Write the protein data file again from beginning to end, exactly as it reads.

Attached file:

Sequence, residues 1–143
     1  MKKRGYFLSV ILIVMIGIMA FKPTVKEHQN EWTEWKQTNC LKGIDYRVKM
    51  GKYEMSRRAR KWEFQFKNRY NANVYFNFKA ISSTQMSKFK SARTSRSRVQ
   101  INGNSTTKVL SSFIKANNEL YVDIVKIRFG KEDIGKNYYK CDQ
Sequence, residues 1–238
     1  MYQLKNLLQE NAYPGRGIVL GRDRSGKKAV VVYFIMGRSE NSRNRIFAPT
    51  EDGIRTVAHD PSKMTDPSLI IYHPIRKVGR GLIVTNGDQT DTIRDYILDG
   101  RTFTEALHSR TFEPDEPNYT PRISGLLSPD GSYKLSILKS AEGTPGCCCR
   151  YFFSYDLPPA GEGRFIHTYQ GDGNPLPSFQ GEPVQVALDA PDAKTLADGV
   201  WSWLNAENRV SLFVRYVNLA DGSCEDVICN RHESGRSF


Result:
Sequence, residues 1–143
     1  MKKRGYFLSV ILIVMIGIMA FKPTVKEHQN EWTEWKQTNC LKGIDYRVKM
    51  GKYEMSRRAR KWEFQFKNRY NANVYFNFKA ISSTQMSKFK SARTSRSRVQ
   101  INGNSTTKVL SSFIKANNEL YVDIVKIRFG KEDIGKNYYK CDQ
Sequence, residues 1–238
     1  MYQLKNLLQE NAYPGRGIVL GRDRSGKKAV VVYFIMGRSE NSRNRIFAPT
    51  EDGIRTVAHD PSKMTDPSLI IYHPIRKVGR GLIVTNGDQT DTIRDYILDG
   101  RTFTEALHSR TFEPDEPNYT PRISGLLSPD GSYKLSILKS AEGTPGCCCR
   151  YFFSYDLPPA GEGRFIHTYQ GDGNPLPSFQ GEPVQVALDA PDAKTLADGV
   201  WSWLNAENRV SLFVRYVNLA DGSCEDVICN RHESGRSF